Money makes the world go round, they say, and it will certainly be a major consideration as you proceed through the halls of academia, be that at undergrad or postgrad level. Read on for a description of some of the loan and scholarship schemes that are available to you as a would-be lawyer.
If you’re a student or graduate currently focused on obtaining a legal training contract, you will probably know by now that attending networking events to actually meet people from the firms you will be applying to is key to success.
Essentially, a barrister has to formulate a persuasive argument for each case and I enjoy the fact that the responsibility to do so is entirely my own. I am very much in control of my own cases and every day is completely different – it's both an exciting and demanding career.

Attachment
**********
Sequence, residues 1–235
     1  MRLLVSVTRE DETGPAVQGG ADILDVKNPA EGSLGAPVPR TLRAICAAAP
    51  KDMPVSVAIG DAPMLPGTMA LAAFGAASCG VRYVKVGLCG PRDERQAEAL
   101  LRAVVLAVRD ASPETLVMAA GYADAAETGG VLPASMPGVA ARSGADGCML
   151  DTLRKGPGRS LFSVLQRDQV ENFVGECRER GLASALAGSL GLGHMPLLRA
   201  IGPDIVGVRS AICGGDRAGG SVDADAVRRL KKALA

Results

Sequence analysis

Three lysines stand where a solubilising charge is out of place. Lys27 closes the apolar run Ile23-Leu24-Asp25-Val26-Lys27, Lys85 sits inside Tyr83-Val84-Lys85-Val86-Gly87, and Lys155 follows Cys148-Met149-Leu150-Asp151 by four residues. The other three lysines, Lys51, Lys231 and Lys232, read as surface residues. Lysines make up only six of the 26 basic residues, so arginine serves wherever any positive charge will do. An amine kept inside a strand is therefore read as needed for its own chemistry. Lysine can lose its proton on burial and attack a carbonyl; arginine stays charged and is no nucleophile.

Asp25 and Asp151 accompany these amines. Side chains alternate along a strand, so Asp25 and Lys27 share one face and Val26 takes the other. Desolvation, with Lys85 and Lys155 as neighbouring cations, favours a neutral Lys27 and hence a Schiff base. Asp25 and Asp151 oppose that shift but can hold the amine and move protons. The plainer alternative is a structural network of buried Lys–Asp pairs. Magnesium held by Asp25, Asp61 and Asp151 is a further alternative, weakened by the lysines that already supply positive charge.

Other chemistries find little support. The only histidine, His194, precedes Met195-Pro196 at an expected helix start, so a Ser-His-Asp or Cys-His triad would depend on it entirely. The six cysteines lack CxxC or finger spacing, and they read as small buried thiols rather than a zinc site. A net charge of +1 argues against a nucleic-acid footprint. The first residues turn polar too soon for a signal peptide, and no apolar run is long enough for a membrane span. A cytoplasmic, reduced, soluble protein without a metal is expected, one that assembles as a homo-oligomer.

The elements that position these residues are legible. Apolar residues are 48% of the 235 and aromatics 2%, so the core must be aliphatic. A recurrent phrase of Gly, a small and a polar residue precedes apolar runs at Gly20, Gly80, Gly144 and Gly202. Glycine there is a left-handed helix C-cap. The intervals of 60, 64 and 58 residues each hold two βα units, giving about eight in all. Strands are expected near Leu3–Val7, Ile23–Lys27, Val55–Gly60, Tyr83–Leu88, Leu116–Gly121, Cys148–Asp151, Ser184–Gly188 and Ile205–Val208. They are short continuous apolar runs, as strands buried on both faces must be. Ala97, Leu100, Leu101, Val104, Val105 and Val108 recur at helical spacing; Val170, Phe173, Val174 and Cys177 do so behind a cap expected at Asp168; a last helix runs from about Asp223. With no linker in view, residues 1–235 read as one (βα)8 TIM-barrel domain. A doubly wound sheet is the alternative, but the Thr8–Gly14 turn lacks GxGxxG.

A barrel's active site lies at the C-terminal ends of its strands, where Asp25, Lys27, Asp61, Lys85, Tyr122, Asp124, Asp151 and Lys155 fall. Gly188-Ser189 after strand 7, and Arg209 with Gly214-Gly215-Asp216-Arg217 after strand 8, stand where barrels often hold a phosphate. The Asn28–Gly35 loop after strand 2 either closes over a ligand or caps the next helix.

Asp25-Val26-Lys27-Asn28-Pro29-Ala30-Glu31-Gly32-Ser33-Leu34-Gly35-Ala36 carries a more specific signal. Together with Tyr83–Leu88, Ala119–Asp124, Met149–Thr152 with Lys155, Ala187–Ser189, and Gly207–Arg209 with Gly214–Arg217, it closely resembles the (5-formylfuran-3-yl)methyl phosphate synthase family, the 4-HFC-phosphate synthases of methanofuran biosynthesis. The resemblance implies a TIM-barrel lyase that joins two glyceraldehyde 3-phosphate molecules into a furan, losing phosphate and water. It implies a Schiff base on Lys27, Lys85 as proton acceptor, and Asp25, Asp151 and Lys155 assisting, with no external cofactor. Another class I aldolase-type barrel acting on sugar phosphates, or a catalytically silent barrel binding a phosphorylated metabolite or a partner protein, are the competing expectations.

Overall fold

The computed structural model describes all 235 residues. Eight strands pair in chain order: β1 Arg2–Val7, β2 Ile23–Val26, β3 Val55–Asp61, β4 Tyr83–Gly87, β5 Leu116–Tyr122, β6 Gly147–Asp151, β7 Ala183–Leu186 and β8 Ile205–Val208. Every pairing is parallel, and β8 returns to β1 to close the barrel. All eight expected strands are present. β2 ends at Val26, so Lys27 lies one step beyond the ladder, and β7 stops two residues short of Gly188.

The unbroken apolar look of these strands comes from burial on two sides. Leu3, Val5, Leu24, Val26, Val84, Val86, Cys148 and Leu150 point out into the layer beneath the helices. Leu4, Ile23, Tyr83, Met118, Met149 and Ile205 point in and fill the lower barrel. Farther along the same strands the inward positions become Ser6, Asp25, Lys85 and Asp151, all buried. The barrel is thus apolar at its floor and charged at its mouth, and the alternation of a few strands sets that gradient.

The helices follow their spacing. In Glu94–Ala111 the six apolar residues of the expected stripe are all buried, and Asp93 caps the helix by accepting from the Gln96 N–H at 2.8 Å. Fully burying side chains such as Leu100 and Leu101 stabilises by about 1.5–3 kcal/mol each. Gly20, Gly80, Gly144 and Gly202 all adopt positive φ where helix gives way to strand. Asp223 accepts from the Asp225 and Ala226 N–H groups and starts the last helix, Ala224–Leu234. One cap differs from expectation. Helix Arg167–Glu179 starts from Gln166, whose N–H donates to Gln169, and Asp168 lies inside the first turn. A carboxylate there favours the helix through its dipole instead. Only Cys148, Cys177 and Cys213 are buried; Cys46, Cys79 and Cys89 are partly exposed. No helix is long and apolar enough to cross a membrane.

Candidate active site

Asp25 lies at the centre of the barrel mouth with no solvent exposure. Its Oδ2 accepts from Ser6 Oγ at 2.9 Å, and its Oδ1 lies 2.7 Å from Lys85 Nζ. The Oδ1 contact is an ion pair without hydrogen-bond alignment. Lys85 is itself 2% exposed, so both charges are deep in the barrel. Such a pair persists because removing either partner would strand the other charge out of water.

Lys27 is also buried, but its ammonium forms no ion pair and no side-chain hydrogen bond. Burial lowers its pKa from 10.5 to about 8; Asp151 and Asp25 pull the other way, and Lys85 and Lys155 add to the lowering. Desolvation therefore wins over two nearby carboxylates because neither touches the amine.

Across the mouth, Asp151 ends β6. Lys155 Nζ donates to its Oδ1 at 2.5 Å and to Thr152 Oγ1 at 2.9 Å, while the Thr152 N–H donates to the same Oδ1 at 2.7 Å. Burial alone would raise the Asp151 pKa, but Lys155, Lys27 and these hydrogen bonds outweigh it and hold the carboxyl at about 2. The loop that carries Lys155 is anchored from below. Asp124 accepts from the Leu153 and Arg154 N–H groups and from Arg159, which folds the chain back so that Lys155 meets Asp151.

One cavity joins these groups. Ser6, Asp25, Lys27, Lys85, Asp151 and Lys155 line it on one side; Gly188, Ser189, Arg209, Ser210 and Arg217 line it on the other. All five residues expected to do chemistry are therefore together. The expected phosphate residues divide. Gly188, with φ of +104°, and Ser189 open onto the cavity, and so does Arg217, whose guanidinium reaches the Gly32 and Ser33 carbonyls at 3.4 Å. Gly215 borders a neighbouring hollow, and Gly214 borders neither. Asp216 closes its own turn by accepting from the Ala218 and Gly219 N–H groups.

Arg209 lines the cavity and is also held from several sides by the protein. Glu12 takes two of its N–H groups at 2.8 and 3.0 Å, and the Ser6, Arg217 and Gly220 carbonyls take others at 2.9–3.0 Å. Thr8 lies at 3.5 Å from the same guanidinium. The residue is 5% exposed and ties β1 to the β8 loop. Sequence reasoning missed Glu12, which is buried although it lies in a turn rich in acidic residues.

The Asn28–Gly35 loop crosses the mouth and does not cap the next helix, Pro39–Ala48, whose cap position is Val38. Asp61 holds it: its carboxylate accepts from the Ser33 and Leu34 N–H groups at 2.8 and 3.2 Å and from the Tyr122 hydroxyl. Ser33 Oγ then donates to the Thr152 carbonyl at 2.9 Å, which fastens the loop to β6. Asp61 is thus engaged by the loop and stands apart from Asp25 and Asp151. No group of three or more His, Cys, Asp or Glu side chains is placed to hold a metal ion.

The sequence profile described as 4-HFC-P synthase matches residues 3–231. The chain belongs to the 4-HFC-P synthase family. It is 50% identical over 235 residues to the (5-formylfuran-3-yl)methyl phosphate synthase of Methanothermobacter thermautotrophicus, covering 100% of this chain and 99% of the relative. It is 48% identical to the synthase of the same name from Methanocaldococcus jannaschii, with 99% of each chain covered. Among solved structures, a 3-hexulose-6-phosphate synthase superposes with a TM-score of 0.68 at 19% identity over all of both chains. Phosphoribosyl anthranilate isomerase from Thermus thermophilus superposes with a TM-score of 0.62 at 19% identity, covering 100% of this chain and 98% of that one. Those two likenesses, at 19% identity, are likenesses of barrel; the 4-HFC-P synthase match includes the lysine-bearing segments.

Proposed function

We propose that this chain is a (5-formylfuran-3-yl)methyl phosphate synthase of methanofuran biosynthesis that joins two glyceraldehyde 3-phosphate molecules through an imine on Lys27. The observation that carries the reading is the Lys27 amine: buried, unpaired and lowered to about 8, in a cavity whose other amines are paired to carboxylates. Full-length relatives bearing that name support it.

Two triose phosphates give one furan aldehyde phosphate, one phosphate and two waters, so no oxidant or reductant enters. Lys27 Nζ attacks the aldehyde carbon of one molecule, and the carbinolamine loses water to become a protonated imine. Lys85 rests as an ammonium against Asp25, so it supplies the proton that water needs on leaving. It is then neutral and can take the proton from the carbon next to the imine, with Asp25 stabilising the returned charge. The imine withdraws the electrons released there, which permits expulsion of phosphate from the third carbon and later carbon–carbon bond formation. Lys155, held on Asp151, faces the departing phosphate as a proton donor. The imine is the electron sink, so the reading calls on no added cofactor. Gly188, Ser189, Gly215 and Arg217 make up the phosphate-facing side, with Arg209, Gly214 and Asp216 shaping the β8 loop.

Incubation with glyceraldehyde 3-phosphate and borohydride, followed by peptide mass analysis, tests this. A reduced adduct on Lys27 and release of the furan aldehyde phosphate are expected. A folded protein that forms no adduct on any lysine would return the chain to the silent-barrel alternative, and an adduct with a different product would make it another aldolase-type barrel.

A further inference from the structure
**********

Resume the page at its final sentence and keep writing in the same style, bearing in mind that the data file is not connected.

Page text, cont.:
The ability to recognise how to use the law to achieve a client's business objectives is surely something that is mostly gained from experience and learning on the job, but you will also need to demonstrate some commercial aptitude in your training contract applications and interviews…
I have recently graduated with a 2.1 in my philosophy degree and plan to take a year out to earn some money before enrolling on the Graduate Diploma in Law. What kind of paid work could I do which (i) looks impressive to employers, and (ii) would be flexible enough to allow me to keep putting my legal career first?